The Founding Fathers Hated Each Other, but They Agreed on One Thing

It’s as American as apple pie: the trial by jury.

We love juries in the United States, even if we disagree with what they decide now and again. While most of the rest of the world has gotten rid of jury trials for civil cases, they’re still used extensively in the American court system. Today, a whopping 80 percent of jury trials worldwide take place in the United States.

The History of Jury Trials

The origins of the American jury go all the way back to colonial times. While the first English colonists were rebellious in many ways, they brought with them a healthy respect for the rule of law.

However, the English king and his court system were an ocean away, and in the absence of trained judges - and the presence of Crown-appointed administrators who did not treat the colonists fairly - the jury of peers became the best way to ensure liberty and justice for all.

That’s why it’s unsurprising that the framers of the Constitution found the trial by jury one of the few places where they could agree.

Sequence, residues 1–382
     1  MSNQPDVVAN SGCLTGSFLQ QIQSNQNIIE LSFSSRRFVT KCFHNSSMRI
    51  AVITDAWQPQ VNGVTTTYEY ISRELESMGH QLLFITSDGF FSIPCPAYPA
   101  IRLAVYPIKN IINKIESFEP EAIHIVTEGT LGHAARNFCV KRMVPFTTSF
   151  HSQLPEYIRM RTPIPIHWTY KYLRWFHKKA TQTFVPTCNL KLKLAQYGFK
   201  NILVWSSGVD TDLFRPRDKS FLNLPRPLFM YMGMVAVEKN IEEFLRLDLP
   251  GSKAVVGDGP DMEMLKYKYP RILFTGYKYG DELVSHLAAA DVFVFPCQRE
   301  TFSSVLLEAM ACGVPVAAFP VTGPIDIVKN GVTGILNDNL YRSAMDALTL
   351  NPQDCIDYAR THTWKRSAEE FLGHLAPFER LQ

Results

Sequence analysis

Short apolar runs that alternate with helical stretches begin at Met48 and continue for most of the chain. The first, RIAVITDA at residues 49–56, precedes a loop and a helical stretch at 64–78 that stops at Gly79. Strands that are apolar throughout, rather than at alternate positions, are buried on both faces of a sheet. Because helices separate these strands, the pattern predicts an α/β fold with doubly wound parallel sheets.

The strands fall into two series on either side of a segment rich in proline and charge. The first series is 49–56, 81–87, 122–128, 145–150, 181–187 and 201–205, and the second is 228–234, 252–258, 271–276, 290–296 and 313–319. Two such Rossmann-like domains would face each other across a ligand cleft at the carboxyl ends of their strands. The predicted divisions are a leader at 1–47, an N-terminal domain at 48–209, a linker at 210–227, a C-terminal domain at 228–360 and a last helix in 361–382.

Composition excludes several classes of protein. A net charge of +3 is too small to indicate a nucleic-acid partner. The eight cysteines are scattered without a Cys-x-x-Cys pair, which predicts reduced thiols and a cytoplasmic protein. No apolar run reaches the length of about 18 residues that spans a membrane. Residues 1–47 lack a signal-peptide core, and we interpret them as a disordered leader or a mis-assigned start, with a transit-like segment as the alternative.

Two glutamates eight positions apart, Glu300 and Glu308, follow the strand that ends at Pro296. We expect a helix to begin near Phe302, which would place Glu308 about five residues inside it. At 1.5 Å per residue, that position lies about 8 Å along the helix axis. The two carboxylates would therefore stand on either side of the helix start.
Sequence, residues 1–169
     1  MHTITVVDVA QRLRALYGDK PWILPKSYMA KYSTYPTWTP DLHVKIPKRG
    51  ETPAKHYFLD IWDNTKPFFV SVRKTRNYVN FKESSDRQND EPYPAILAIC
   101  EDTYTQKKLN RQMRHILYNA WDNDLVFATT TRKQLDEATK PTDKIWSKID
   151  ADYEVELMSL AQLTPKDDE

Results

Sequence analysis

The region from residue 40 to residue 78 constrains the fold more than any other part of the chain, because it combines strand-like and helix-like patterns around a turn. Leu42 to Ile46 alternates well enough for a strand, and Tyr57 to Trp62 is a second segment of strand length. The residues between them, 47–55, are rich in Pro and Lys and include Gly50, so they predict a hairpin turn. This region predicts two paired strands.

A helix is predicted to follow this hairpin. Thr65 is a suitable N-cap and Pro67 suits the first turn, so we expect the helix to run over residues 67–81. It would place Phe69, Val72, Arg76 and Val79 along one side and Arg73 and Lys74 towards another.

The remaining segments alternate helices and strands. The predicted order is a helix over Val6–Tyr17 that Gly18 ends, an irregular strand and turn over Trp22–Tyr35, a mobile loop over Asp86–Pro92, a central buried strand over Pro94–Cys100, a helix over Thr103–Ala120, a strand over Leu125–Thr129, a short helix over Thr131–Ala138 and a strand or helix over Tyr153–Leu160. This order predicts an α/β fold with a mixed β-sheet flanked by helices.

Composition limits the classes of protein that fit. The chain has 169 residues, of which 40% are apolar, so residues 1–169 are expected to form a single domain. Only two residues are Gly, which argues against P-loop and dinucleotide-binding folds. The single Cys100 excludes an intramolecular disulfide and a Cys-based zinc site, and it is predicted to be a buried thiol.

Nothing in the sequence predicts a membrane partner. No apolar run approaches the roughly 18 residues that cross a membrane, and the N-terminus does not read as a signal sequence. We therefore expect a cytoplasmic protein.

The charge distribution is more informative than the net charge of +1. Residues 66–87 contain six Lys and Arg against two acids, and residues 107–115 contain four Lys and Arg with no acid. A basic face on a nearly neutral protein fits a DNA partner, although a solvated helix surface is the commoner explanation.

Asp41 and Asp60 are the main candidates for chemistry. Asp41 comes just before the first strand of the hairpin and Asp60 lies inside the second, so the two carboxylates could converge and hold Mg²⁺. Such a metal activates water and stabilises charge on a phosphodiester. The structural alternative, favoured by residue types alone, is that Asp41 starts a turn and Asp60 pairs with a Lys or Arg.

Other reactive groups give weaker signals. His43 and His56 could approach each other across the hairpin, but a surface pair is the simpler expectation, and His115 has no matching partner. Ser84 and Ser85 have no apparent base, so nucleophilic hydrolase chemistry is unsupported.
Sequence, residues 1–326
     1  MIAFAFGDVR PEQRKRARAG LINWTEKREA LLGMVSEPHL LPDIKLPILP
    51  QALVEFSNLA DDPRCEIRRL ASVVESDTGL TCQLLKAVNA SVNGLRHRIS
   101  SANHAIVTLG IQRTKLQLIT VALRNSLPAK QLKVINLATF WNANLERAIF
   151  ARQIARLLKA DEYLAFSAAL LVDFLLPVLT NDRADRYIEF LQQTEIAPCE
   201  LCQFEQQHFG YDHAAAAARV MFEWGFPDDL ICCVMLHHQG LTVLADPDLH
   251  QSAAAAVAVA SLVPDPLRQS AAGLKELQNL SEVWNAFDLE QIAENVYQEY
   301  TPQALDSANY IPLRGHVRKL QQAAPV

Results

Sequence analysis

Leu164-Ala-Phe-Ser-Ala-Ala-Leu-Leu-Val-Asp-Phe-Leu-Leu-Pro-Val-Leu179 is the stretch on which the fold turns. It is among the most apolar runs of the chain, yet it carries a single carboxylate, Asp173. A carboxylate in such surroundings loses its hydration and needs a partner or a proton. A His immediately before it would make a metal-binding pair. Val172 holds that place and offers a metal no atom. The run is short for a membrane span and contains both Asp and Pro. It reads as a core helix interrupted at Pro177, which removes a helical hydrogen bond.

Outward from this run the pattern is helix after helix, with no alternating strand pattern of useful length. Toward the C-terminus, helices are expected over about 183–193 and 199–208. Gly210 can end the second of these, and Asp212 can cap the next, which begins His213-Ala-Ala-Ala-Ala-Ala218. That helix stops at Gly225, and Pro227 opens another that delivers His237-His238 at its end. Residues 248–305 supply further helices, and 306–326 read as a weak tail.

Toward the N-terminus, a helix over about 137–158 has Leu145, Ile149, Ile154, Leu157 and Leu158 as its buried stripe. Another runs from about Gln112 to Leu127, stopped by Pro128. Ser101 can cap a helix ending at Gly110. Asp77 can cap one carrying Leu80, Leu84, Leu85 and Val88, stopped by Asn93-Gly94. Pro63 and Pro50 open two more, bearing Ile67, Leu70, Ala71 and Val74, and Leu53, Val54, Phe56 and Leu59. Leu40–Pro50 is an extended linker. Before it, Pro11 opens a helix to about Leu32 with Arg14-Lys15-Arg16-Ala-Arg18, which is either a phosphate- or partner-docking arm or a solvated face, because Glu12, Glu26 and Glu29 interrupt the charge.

The Debate of Length Served as President

So many things that we think of as fundamentally American were points of debate among the Founding Fathers. For instance, there was much debate over how long the president could serve, or even whether he would be a president at all.

Some of our nation’s founders wanted to name George Washington their king. The same goes for the legislative branch of our government. The system they settled on - a House in which representation was based on state population, a Senate in which every state had the same number of seats - was a compromise.

The Common Belief: Jury Trials Work Best

On the matter of trials by jury, though, the Founding Fathers were all of one mind. According to John Adams, “Representative government and trial by jury are the heart and lungs of liberty.” His longtime rival Thomas Jefferson said much the same thing: “I consider [trial by jury] as the only anchor yet imagined by man, by which a government can be held to the principles of its constitution.”

The early Federalists, led by James Madison and Alexander Hamilton, saw trial by jury as “essential to secure the liberty of the people.” Their rivals, the Anti-Federalists, had a completely different view of the role of government, yet they agreed on the matter of juries.

According to leading Anti-Federalist Patrick Henry, “Trial by jury is the best appendage of freedom.”

Whatever else we might say about our system of government today, we agree: The Founding Fathers were right about trial by jury.